By Shari Chankhamma
152 pages, black and white
Published by SLG Publishing
The Sisters’ Luck is the sort of graphic novel that has a great and relatively simple concept. A pair of twin sisters where each half has a linked power; one takes good luck from people, the other gives bad luck to people. When they’re together, nothing happens, but as soon as they’re apart, their abilities manifest. After reading that on the back cover copy, I found myself dying to read the actual story. What I found inside, though, was a bit more than I had bargained for. And that’s not always a good thing.
After Shari Chankhamma brings the initial story concept to life in the forms of twins Umbra and Antumbra, The Sisters’ Luck changes direction so rapidly your head will spin. It starts off with Umbra stealing luck from those around her while Antumbra desperately tries to reunite with Umbra, and childhood rifts between the two that are still unhealed. But from there we get a being who is immune to their powers, and another one trying to use stolen luck to break ancient seals. And that’s not even including motorcycle chases and knife fights.
This is a book that slowly bleeds away its early good will the further into the book you read, unfortunately. Information is held back from characters for no good reason, save that it can be revealed in the last quarter of the book. (When Antumbra asks what’s going on earlier on, she’s told it’s a long story that she won’t understand. That same story is, if course, told towards the end and considering it only takes five pages, it’s hardly long or hard to understand.) Some of the plot logic also doesn’t make sense when you start and really think about it. (If one sister steals good luck, shouldn’t the power to cancel that out be that the other sister gives people good luck, rather than bad luck?) And most importantly, this is a book where the tone shifts from start to finish, promising one sort of story but ultimately delivering a second one. I felt like the victim of a bait-and-switch when it was over, unfortunately.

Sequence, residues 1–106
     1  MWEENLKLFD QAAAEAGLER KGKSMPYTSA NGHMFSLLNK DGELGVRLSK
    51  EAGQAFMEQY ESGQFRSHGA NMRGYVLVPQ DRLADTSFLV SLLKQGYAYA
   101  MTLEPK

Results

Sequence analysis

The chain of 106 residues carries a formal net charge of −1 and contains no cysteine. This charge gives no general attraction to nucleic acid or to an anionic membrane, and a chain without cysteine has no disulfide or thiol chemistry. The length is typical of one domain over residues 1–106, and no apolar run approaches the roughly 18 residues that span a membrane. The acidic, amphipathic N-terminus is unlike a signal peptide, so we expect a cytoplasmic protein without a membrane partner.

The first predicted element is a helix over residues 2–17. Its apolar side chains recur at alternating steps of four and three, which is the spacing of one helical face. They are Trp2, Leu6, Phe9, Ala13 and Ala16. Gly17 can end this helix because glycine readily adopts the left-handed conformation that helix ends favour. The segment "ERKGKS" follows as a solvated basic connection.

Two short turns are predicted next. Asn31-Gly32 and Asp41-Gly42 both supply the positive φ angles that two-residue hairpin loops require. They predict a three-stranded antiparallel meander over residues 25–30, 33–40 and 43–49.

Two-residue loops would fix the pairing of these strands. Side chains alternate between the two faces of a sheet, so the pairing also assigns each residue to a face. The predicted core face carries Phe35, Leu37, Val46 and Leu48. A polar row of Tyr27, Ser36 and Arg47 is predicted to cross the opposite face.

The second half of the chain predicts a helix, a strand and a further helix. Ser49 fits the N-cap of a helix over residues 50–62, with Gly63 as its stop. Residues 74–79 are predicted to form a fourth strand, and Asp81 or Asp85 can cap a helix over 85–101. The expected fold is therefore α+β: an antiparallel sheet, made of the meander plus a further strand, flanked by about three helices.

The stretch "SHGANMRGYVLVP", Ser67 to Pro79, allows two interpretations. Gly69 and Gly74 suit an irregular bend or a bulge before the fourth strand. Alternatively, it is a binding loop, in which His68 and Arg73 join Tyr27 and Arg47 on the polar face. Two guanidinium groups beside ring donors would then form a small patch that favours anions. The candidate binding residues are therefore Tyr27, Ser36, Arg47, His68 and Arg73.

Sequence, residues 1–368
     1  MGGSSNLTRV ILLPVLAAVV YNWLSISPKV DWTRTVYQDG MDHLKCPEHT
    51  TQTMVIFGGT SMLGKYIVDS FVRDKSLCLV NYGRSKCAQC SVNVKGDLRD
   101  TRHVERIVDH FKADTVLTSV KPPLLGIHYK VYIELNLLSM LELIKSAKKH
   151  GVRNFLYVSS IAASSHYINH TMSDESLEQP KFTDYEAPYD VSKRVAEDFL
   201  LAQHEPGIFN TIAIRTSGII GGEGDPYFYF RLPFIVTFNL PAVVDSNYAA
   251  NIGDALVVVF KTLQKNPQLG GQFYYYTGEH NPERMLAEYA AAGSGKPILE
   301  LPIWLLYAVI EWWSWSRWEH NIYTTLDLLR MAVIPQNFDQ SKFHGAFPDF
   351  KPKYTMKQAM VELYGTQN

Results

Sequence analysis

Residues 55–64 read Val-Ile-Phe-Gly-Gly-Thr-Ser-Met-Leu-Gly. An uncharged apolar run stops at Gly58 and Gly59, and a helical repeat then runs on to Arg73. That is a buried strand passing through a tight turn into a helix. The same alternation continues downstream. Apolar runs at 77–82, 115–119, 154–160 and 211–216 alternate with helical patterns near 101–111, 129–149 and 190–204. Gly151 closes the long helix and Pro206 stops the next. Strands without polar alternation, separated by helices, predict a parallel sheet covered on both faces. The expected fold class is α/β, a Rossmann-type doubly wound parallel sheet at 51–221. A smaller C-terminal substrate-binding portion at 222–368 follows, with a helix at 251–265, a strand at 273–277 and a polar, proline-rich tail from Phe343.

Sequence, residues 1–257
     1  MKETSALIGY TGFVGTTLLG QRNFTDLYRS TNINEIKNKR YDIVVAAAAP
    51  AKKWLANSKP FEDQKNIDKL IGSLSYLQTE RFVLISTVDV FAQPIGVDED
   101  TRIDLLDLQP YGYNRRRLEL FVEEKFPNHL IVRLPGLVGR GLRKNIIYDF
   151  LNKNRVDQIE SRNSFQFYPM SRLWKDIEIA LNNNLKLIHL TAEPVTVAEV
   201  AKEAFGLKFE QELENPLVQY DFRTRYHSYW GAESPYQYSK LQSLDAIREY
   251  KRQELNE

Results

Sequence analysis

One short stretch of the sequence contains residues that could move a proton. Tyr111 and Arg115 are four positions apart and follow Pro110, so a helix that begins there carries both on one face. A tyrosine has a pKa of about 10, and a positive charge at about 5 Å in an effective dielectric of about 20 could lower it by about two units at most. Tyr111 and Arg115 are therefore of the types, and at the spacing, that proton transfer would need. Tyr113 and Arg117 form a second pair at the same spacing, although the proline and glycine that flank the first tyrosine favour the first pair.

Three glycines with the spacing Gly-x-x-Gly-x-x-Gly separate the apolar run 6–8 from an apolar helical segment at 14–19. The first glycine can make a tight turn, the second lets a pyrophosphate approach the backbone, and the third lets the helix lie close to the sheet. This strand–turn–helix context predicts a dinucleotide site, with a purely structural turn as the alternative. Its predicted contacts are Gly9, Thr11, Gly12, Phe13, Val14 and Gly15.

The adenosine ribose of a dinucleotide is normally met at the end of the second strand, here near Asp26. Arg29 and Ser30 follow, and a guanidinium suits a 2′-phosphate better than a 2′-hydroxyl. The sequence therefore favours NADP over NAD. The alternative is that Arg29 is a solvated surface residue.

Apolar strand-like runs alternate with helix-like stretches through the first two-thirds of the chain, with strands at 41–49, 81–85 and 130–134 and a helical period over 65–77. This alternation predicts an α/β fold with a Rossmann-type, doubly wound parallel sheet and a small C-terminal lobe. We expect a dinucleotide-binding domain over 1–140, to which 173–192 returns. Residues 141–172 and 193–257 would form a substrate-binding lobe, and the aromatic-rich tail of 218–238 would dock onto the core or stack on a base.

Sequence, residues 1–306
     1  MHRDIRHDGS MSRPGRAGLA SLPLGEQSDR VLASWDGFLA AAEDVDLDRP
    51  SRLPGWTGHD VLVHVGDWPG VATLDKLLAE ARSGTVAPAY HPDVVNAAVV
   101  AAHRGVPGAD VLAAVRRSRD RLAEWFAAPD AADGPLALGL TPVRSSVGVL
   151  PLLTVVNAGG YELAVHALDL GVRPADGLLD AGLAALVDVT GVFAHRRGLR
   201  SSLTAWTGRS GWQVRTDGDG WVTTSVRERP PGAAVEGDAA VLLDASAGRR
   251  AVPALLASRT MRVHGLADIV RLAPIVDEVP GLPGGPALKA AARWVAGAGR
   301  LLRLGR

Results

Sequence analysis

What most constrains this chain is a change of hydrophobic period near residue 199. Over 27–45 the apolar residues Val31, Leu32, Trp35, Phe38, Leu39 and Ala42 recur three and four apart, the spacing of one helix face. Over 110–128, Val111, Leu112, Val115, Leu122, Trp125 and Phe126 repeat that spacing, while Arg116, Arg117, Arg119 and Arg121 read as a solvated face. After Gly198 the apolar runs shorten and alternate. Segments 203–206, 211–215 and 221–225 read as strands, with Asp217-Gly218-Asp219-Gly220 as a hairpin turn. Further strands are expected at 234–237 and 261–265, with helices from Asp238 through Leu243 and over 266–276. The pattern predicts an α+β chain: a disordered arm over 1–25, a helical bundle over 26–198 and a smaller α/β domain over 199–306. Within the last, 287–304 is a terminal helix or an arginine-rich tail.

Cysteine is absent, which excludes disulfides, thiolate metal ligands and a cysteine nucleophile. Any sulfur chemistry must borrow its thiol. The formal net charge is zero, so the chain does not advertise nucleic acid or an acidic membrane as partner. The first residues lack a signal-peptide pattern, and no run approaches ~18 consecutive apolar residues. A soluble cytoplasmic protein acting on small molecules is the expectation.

The one saving grace of The Sisters’ Luck is Chankhamma’s art, which looks to be manga influenced in the same way artists like Colleen Doran have been over the years. Characters have perfectly round eyes and large, thick curls of hair that cascade off their head. It’s not bad, although it falls apart somewhat during the action sequences, which are slightly hard to follow and a bit of a muddle. There’s a slight over-reliance of speed lines in those action sequences, something that is supposed to impart a sense of fast-moving action but just feels like a cheat here. Most frustrating is the niggling feeling that this was a book initially intended to be full color, but ended up shifting to black and white during the production process. One character talks about the blue and red streams of energy, and getting white and black streams instead is hard to ignore. Even some shading would have made a big difference, but instead everything is in stark black and white.
While preparing to write a review of The Sisters’ Luck I came across Chankhamma’s webcomic Pavlov’s Dream (co-written by Kelsie Yoshida) and it’s actually hard to believe that these are by the same person. There’s a beauty and tone in Pavlov’s Dream that works wonderfully, and it makes me wish that The Sisters’ Luck had come across the same way. The Sisters’ Luck ends abruptly, and presumably there’s going to be a sequel at some point, but even then its flat "The End" leaves readers up in the air with an unresolved story that feels like it hit its page count and stopped regardless of where things had gone. This could have been a good comic, but despite its best intentions it feels more like a first draft that never quite comes together.